Tuesday, September 30, 2008

Babi Yar

Babi Yar Park, Denver, Sunday, September 28, 2008

“No monument stands over Babii Yar. A drop sheer as a crude gravestone. I am afraid.”
With these words of complaint, Yevgeny Yevtushenko the great Russian poet opens his mournful and grief-stricken poem about Babi Yar. He bitterly and bravely berates the Soviet Government for not putting up a proper memorial to commemorate the civilian massacre during World War II at a ravine called Babi Yar near Kiev in the Ukraine.

Soviet Russia built no monument to memorialize this Nazi atrocity.

In contrast, the city of Denver has had for many years a most fitting and proper memorial to remind us of this tragic inhumanity.

Babi Yar Park at Parker Road and Havana in Denver.

I was honored to attend a very solemn ceremony last Sunday, September 28, 2008, at Babi Yar Park. The ceremony commemorated the 67th anniversary of the 1941 Nazi murder of over half of the Jews of Kiev. For two days, the Nazis slaughtered Jewish men, women and children, with the vast majority being women and children, at a deserted ravine called Babi Yar, outside the city. For a long time thereafter, they murdered “others:” gypsies, Ukrainians, over 100,000 in all. Rabbi Richard Rheins of Temple Sinai here in Denver reminded us that later the Nazis returned and had prisoners dig up the dead and destroy their bodies in order to eliminate the evidence of their atrocities.

Midway in the program, Maria Verizhnikova emotionally read Yevtushenko’s poem in Russian and translated it into English. Maria’s reading, a symphonic requiem of sound and fury, reminded me of a project I assigned in my Mass Media class which I taught for many years at Regis. The text for the class was a media workbook by Marshall McLuhan, and Eric McLuhan, his son, entitled, Media, Messages and Language: The World as Your Classroom. Many of the exercises suggested by McLuhan’s text probe the nature of ground/figure analysis in relation to various media. The exercises helped the students understand the nature of the different media.
One exercise illustrated the power of spoken language, this time a foreign language, Russian, expertly proclaimed by Yevtushenko to communicate the powerful themes of his poem to those who knew no Russian. I would ask my students to listen to a recording (ancient technology) of Yevtushenko reading his poem. Though they knew no Russian, I then asked my students to listen carefully as Yevtushenko recited his Russian words in the poem and write down what images or thoughts came into their minds as they resonated to the harsh sounds of his voice and the gloomy tones of his words. Students in every class over my many years of teaching wrote down words like “Anger, terror, death, sadness, destruction, and fear.” Yevtushenko’s deep voice proclaimed for my students the litany of sad emotions he wrote about in his poem. The experience allowed Yevtushenko’s words of the poem to become a new figure to a unique sound ground. I recommend that readers try the same exercise and listen to Yevtushenko reciting this poem. Let his words flow into you like a mighty stream.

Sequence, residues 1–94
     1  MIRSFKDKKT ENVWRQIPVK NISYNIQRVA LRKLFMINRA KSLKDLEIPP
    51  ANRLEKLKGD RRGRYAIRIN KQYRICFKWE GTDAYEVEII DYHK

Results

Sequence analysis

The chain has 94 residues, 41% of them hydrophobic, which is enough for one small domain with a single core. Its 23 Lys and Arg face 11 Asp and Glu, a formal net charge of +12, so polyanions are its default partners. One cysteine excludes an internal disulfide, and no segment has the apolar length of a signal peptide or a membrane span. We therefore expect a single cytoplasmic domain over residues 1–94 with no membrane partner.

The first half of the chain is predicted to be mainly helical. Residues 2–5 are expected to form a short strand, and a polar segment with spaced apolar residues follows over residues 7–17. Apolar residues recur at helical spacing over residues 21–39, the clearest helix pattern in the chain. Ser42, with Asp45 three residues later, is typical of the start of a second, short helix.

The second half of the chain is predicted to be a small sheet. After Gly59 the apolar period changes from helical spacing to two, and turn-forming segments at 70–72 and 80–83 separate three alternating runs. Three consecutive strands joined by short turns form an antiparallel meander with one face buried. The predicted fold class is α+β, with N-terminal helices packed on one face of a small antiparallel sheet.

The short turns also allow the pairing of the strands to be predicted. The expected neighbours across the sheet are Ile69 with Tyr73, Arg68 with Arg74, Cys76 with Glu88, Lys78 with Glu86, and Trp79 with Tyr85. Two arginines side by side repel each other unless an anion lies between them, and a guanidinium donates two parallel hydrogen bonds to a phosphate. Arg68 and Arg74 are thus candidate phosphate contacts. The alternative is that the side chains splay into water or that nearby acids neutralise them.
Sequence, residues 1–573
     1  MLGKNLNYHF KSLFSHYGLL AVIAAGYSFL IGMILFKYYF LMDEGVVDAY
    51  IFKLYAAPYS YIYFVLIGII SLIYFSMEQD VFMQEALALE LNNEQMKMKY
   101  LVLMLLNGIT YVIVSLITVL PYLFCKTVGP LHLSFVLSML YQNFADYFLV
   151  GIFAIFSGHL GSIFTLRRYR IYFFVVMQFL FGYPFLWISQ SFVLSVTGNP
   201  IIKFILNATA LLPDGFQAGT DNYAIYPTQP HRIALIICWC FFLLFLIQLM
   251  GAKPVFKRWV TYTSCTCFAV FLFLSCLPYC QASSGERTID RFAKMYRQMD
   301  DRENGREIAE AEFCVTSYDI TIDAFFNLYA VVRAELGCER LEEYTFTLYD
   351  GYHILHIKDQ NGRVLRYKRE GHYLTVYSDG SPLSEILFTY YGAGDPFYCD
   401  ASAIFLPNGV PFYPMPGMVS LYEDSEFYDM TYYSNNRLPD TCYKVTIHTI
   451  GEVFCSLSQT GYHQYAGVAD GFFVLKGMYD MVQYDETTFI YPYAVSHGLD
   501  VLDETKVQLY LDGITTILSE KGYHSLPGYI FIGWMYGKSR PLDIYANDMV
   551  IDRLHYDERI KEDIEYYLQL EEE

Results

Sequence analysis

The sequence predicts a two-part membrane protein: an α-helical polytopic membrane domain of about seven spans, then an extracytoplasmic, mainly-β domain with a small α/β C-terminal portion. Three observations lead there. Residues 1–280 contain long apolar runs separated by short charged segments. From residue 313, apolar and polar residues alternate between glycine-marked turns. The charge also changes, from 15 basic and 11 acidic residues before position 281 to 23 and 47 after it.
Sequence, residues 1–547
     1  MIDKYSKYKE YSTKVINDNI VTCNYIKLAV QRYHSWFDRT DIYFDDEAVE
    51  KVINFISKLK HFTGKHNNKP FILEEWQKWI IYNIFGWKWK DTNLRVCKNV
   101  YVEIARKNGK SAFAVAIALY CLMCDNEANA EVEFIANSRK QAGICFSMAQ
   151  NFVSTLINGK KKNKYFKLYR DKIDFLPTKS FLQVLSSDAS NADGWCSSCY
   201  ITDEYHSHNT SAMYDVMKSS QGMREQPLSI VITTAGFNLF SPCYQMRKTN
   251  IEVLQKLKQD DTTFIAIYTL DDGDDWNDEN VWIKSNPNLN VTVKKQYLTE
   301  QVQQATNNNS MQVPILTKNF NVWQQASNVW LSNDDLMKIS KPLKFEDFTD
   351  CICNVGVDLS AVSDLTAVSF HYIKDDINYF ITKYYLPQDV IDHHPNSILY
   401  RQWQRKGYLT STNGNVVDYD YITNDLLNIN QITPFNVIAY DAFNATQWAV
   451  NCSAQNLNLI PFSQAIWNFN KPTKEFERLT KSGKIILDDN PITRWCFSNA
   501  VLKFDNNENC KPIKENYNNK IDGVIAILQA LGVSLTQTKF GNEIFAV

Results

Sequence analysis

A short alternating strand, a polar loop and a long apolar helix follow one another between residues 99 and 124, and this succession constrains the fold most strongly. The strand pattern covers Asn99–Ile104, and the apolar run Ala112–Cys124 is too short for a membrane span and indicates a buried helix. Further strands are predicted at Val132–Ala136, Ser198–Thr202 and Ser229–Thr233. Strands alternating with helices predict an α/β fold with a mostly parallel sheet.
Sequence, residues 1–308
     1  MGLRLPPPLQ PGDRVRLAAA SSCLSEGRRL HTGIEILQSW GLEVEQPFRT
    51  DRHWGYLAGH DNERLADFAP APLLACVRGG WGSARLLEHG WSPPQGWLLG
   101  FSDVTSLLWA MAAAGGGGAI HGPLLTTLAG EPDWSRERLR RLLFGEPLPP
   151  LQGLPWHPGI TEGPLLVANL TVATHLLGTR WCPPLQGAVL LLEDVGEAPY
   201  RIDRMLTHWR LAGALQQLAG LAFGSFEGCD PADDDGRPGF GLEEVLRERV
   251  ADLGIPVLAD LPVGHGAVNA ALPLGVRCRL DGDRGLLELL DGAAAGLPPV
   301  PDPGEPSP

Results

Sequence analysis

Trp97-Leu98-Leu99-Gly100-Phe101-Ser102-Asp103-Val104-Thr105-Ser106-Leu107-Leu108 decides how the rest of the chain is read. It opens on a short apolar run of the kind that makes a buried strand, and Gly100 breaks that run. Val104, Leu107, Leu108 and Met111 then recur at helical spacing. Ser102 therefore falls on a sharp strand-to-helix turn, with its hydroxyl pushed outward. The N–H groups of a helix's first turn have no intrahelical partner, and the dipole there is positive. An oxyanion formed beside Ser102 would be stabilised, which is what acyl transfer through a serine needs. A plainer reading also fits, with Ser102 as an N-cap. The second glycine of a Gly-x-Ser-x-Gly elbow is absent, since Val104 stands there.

The wind gusts blew down one of the flags at the ceremony. Someone wearing a yarmulke up righted the flag and stood by holding it against the wind. The long prairie grasses at Babi Yar’s Denver Park rustled in the dry hot wind.

“The wild grasses rustle over Babii Yar.
The trees look ominous, like judges.
Here all things scream silently,
and, baring my head
slowly I feel myself turning gray.
And I myself am one massive, soundless scream
above the thousand thousand buried here.
I am each old man here shot dead.
I am every child here shot dead.
Nothing in me shall ever forget.” (From the poem).

Julian Bonder, architect for the newly refurbished Babi Yar in Denver, gave the keynote address. Bonder spoke of Emanuel Levinas, the renowned French--Jewish philosopher who probed in his writings, “who is the ‘other in our lives, who is our neighbor?” Levinas asked this question in light of the atrocities like Babi Yar committed in World War II. How was it that so many could kill “other” human beings? It was fitting and proper, after hearing Yevtushenko’s poem, that Bonder reminded us that Levinas wanted all human beings to commit to an ethical relationship with any “other” as soon as one beheld the face of the other and looked into the other’s eyes. Levinas at that moment asks us to be compelled at that special communicative moment to realize “the other” is a human being like ourselves. Apologies for such a brief summary of Levinas theory here but you get the drift.

Gerard Manley Hopkins, the Victorian Jesuit poet in his poem “As Kingfishers…” suggests the face of the “other” is indeed the face of God himself.

Yehoshua Hoffman, son of Lillian Hoffman, who fought for many years in Denver to allow Soviet Jews to leave Russia, said Kaddish for all who were slalughtered at Babi Yar.

The noon day sun beat down on the huge black marble monuments at the entrance to the park. The yellow leaves rustled in the wind offering a promise that winter and cold was on the way. People left to go on park tours or head for home.

“My need is that we gaze into each other.” (From the poem).

Friday, September 26, 2008

A Long time Ago

A long time ago, Sr. Margaret Loyola Scanlon, S. L., my beloved principal at Holy Family High School in North Denver once said to me: